In comparison, in Verses 45-48 of Surah Al-Hijr, we are told that for our righteous deeds, rest assured, we will be rewarded:
45. The righteous (will be)
Amid Gardens
And Fountains
(Of clear –flowing water)
46. (Their greeting will be):
“Enter ye here
In Peace and Security”
47. And We shall remove
From their hearts any
Lurking sense of injury:
(They will be) brothers
(Joyfully) facing each other
On thrones (of dignity)
48. There no sense of fatigue
Shall touch them
Nor shall they (ever)
Be asked to leave.

The righteous, as Verse 45 affirms, will find him/herself in gardens with fountains. Besides feeling the tranquility, the reader of this verse is also led to feel the clean, cool, beautiful atmosphere of this place.
In Verse 46, the righteous one is told that he or she will be warmly welcomed to this place of “peace and security”. The feeling of both peace and security, as one knows, is hard to achieve in this life. This, it is indeed worthwhile to work hard for and look forward to achieving this as a reward in life after death. This verse makes one yearn to be permitted into such a place. One can picture the warm greeting when and if he/she is allowed to enter this wonderful domain.
Verse 47 further relates to readers the conditions in this abode. Peace and security will be extended to those chosen to enter such that there will be no suspicion of one another, no hurting of others which is so often done among people on earth. In short, the readers are made to feel contented and happy within themselves.
As Abdullah Yusuf Ali puts it,
“the true Brotherhood will be realized there, when each will have his own dignity; there will be no question of invidious comparison; each will face the other with joy and confidence” (645).

“Brothers” gives one the feeling of unity and harmony. People will respect and love each other. One knows how difficult it is to achieve this on earth. Thus, one is able to realize and picture how great and wonderful it is to be able to live there (Heaven).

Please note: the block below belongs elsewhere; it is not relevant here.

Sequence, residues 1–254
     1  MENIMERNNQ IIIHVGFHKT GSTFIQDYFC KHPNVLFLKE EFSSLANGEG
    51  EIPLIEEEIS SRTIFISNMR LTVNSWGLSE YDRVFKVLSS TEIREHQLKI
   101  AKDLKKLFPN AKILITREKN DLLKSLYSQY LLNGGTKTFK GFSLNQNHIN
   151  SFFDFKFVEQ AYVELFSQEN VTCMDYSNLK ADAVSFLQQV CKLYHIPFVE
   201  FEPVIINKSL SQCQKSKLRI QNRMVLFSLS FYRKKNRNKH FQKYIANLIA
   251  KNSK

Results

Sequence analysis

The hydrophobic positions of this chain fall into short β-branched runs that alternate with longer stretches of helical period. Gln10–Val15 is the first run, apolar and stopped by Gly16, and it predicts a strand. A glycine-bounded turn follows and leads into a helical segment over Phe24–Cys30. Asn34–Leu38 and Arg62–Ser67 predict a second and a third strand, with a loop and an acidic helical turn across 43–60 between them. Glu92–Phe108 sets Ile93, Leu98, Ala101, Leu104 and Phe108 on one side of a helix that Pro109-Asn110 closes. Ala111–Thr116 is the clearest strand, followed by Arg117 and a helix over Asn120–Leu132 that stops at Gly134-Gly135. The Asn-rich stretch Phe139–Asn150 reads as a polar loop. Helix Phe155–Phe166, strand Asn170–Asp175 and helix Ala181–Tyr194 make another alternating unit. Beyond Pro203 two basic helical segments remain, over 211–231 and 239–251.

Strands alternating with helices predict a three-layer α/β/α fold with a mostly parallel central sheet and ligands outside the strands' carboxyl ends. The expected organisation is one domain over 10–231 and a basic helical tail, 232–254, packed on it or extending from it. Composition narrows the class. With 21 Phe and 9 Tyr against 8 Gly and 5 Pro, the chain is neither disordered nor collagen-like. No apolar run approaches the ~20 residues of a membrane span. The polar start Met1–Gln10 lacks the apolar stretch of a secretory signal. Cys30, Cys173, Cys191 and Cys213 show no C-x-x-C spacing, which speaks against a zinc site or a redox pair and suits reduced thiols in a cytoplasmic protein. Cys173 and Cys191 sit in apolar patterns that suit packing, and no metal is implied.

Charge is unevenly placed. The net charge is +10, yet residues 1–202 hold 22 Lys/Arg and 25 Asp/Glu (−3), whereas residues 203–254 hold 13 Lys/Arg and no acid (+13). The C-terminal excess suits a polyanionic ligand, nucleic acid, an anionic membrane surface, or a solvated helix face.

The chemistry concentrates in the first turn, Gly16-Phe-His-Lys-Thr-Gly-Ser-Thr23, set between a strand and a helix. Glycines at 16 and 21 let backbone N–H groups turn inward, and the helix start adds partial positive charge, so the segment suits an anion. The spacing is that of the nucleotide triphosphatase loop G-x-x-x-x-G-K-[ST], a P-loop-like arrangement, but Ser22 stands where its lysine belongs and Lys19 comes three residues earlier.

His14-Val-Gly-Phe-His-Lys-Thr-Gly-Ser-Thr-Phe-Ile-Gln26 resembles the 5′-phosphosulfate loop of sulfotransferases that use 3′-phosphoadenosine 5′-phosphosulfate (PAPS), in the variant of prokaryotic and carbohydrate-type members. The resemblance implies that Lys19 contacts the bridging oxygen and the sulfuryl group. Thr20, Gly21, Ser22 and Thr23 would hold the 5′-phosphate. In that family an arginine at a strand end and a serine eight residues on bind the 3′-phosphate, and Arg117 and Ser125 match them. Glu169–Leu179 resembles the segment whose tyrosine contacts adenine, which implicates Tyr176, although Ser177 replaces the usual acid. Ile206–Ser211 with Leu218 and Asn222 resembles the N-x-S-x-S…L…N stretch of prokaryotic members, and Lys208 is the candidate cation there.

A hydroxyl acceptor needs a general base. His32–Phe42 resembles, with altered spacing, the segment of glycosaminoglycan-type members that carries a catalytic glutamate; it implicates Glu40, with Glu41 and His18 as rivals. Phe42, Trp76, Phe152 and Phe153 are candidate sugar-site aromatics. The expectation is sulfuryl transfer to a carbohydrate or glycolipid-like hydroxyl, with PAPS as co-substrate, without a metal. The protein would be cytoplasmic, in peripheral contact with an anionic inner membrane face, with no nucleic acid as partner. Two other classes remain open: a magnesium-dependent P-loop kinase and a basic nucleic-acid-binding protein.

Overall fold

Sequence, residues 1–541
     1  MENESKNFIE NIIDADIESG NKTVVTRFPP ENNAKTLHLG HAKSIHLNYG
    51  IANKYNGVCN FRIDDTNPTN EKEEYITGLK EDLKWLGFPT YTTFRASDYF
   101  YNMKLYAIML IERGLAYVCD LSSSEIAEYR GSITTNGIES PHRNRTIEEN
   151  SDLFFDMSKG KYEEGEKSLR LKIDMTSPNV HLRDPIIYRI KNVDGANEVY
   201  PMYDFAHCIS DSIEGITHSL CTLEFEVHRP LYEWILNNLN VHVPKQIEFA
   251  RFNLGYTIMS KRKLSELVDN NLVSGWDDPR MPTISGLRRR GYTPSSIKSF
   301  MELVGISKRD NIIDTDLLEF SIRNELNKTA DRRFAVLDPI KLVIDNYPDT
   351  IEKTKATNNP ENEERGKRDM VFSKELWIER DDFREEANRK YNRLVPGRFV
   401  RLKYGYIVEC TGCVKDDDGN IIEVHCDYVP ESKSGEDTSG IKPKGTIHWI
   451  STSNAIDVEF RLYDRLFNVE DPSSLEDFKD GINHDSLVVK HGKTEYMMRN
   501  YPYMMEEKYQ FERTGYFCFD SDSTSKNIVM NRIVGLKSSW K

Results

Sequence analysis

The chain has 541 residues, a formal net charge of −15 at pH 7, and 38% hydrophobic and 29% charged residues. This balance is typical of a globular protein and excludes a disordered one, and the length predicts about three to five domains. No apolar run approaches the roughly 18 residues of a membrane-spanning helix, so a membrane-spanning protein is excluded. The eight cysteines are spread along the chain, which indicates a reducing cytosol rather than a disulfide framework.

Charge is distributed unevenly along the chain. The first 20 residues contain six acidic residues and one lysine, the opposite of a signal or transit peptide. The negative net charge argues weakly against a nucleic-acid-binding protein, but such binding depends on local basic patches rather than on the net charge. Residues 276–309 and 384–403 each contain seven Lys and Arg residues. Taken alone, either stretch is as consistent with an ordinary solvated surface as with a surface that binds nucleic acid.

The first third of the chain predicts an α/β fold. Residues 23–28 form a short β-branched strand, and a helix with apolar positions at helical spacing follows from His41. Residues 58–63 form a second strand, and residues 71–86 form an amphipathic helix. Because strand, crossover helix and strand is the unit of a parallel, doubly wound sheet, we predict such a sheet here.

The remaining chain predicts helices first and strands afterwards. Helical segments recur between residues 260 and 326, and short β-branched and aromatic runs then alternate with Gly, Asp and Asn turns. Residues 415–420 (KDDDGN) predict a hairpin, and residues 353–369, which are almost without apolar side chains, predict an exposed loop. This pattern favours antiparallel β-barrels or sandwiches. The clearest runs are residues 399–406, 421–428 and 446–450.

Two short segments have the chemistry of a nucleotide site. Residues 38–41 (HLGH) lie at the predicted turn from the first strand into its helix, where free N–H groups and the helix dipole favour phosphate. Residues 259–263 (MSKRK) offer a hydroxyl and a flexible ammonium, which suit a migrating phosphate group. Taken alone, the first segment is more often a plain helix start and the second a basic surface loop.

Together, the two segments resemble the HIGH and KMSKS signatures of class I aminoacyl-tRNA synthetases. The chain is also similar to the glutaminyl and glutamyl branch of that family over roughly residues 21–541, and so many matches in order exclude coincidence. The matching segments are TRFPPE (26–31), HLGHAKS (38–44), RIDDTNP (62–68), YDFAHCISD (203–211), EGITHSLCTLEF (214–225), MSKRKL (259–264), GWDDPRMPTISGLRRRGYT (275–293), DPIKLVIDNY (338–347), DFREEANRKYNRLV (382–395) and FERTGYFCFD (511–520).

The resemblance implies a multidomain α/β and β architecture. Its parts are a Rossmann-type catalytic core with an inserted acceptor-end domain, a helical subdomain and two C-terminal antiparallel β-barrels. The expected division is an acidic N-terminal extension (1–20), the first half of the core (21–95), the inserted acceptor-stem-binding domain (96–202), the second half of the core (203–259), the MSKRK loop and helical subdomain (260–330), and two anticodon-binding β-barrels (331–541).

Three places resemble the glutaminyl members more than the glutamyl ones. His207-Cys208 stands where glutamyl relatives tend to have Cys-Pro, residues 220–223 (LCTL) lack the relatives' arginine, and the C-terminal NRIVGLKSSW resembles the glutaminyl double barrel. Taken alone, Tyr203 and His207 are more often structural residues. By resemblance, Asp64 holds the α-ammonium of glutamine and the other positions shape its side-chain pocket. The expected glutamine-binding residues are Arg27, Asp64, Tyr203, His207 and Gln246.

In Verse 48, one is told that the believers will never tire of enjoying Heaven’s pleasures nor will they be asked to leave this wonderful place. This verse further emphasizes this place’s peace and security. When a person is entitled to stay permanently anywhere that is filled with joy, he/she will surely feel secure. It must be so pleasant; it makes one feel like one is in a pleasant dream and never has to wake up. These verses affect the visual and auditory senses.

THE INTRODUCTORY LESSON ON IMAGERY

There is a need for an introductory lesson on imagery since there are certain aspects of imagery that the students need to know and understand before they can fully participate in class discussions or attempt any of the written assignments. A teacher can devise his/her own introductory lesson on imagery according to the level of language competence of his/her group of students.
Thus, for this case study, it must be kept in mind that the group of participants is of the High Intermediate English proficiency level. Careful selection of a suitable technique and level of difficulty of the text must be done. Consequently, activities that help to enhance the four language skills are also thought of.
A suggested written assignment after an introductory lesson on imagery is: Make sentences using the three literary devices and explain how and why the simile, metaphor and symbol are used. State the senses that are affected by each image.
The written assignment will be used as a basis for gauging whether or not the students have understood the lesson.

LESSON PLAN ON IMAGERY

Technique: Visualization
Text: Verses 43-44, 45-46 of Surah Al-Hijr
Level: High Intermediate (undergraduate)
Duration: One Hour
Objectives: Develop in students the ability to:
1) Identify and/or locate the images in the verses
2) Recognize and distinguish between the 2 types of imagery:
i) Descriptive imagery
ii) Figurative imagery and the literary devices used
3) State which senses are affected
4) Explain the meaning of the images to each other
5) Create their own images
6) Use the four skills:
i) Listening: Done in pair and group information providing and retrieval activity.
ii) Speaking:Done in pair and group discussions.
iii) Reading:Done in comparing own notes with each other.
iv) Writing:Done in writing down notes.
The teacher can start the lesson by recapitulating the (previous) introductory lesson on imagery. Allow 15 minutes for this.